The Breakthrough Generations Study (BGS) is a large general population cohort consisting of ~110,000 women enrolled in the UK from 2003 to 2011 . For the methylation analyses, we have selected DNA samples from a case-control study nested in the BGS cohort. The inclusion criteria are as follows. We initially selected all confirmed incident cases and matched controls at the time of selection that met the following criteria: white ethnicity, subjects not related to another previously selected enrolled participant (first family member recruited), provided a blood sample received at the processing laboratory in post <2 days after collection, sample not clotted, and with available DNA extracted from buffy coats at concentration >40 ng/μL. Controls were individually matched to cases on age, ethnicity, and date of recruitment. This resulted in a total of 916 case-control pairs from whom we selected a random sample of 548 case-control pairs to make four DNA pools of cases and four DNA pools for their matched controls. We stratified the DNA samples into four pathology sub-groups (123 cases with in situ tumours, 66 cases with invasive estrogen receptor (ER)-negative tumours, 179 cases with invasive ER-positive tumours with early onset (age at diagnosis <50 years), and 189 cases with invasive ER-positive tumours with late onset (age at diagnosis >50 years)). Although all cases had a date of diagnosis after blood collection at the time of selection, subsequent record updates identified one case in the in situ pool diagnosed 2 years prior to blood collection, two cases in the in situ and ER-negative pools diagnosed 22 days prior to blood collection, and one case in the ER-positive late onset cancers with a previous diagnosis of in situ cancer 22 years prior to the diagnosis of the invasive cancer. Due to the pooling nature of this experiment, these few subjects cannot be excluded from analyses; however, they are unlikely to change the overall results. Each pool included 200 ng of peripheral blood DNA from each of the subjects to make a pooled DNA sample that was subsequently processed for library preparation and sequencing. Main features of the resulting study population (n = 548 cases and 548 matched controls) are summarised in Additional file 1: Table S4. All BGS participants signed an informed consent form, and the study was approved by the South East Research Ethics Committee (NREC 03/1/014).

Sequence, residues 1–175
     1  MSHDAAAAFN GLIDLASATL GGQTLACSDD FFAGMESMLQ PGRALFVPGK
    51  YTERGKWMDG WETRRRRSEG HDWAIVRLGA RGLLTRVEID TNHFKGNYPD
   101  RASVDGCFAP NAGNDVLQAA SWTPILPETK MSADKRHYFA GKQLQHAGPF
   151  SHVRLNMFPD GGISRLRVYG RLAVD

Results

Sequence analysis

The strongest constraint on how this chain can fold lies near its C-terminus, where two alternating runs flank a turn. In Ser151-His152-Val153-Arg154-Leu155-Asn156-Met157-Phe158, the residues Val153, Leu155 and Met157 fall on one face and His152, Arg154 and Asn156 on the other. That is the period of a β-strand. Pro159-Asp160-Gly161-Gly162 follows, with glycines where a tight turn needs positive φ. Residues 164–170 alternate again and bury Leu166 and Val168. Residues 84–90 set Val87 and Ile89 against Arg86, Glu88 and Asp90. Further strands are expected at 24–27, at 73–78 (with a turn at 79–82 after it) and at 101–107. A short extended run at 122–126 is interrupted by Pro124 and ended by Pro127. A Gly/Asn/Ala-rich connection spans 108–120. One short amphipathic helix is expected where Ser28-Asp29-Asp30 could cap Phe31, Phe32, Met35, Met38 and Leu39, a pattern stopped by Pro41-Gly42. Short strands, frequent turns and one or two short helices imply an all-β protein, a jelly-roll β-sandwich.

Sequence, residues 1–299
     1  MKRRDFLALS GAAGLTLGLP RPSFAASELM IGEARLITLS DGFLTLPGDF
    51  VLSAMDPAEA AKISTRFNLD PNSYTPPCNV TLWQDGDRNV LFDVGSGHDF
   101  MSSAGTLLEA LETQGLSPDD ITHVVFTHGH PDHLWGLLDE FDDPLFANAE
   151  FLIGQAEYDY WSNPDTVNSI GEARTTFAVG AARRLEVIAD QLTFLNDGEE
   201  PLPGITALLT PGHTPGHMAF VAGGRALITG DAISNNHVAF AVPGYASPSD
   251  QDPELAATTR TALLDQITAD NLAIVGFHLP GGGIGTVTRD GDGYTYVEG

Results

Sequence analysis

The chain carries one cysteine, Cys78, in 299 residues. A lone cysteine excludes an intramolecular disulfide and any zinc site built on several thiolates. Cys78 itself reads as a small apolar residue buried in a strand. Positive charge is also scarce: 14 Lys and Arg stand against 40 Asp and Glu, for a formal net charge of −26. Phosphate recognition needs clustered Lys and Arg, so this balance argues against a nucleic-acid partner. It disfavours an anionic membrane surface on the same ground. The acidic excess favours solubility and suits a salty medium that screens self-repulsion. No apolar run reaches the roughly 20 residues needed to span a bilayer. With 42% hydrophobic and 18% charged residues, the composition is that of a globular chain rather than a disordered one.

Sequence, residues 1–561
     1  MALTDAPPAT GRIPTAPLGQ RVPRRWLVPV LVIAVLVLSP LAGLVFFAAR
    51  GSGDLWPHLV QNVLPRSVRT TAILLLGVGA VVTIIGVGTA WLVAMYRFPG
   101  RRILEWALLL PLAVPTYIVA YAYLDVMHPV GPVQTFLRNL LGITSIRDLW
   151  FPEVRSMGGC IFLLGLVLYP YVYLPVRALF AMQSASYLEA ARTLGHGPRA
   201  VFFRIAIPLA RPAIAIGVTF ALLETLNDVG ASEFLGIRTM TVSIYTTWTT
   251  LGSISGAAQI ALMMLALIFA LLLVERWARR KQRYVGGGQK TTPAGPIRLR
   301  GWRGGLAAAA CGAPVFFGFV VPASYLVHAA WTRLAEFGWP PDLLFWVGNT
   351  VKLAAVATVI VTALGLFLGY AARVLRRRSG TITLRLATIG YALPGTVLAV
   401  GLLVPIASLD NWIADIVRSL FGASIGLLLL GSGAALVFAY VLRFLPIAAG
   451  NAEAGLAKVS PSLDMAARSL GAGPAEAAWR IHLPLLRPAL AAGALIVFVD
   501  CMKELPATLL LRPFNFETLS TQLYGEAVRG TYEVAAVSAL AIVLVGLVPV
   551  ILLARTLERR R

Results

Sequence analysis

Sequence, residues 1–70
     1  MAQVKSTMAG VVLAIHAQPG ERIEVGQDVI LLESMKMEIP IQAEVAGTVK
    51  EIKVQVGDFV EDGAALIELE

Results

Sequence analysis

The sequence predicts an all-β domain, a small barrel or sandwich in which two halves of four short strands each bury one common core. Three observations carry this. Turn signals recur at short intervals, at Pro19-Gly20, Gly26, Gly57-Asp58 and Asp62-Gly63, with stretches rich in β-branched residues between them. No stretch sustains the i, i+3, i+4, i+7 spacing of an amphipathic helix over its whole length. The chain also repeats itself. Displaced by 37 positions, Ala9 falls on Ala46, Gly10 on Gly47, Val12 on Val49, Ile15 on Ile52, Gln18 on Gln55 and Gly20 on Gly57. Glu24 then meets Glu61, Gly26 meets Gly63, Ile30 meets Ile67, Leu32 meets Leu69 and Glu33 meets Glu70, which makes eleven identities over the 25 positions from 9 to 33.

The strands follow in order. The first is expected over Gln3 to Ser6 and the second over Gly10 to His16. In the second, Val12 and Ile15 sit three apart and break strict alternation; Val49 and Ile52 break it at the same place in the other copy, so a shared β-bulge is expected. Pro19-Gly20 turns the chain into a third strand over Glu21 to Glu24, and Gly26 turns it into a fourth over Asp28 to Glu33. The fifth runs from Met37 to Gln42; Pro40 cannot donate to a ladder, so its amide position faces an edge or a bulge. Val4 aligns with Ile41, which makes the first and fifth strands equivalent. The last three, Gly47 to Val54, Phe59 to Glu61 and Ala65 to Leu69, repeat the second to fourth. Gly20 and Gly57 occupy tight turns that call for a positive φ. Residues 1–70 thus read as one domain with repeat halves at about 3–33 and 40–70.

DNA methylation measurement, data pre-processing, and quality control for 450k arrays
DNA extractions and methylation array processing were conducted in the same laboratory (HuGeF, Torino, Italy) for both the EPIC and NOWAC studies. DNA was extracted from buffy coats or blood cell fractions using the QIAsymphony DNA Midi Kit (Qiagen, Crawley, UK). Five hundred nanograms of DNA were bisulphite-converted with the EZ-96 DNA Methylation-Gold™ Kit (Zymo Research, Orange, CA, USA) according to the manufacturer’s protocol. Next, the Illumina Infinium HumanMethylation450 BeadChip was hybridised as per the manufacturer’s protocol. This array measures DNA methylation at 485,512 cytosine positions across the human genome, of which 482,421 CpG sites and 3091 non-CpG sites; hereafter, the term CpG will be used to refer to all of these, unless otherwise specified. BeadChips were washed and scanned using the Illumina HiScan SQ scanner, and intensities were extracted from the images using GenomeStudio (v.2011.1) and its Methylation module (1.9.0). Bisulphite conversion efficiency was assessed using control probes present on the chip, failing samples outside 3 SD of the sample distribution; all samples passed this initial quality control step. Additional pre-processing included background subtraction and colour correction to account for the dye bias seen in Infinium II probes. This was done by equalising the intensities in the green and red channels to the average intensity across the two colours as measured by normalisation control probes present on the BeadChip. The methylation level at each CpG was expressed as a β value, which represents the fraction of methylated cytosines at that specific location.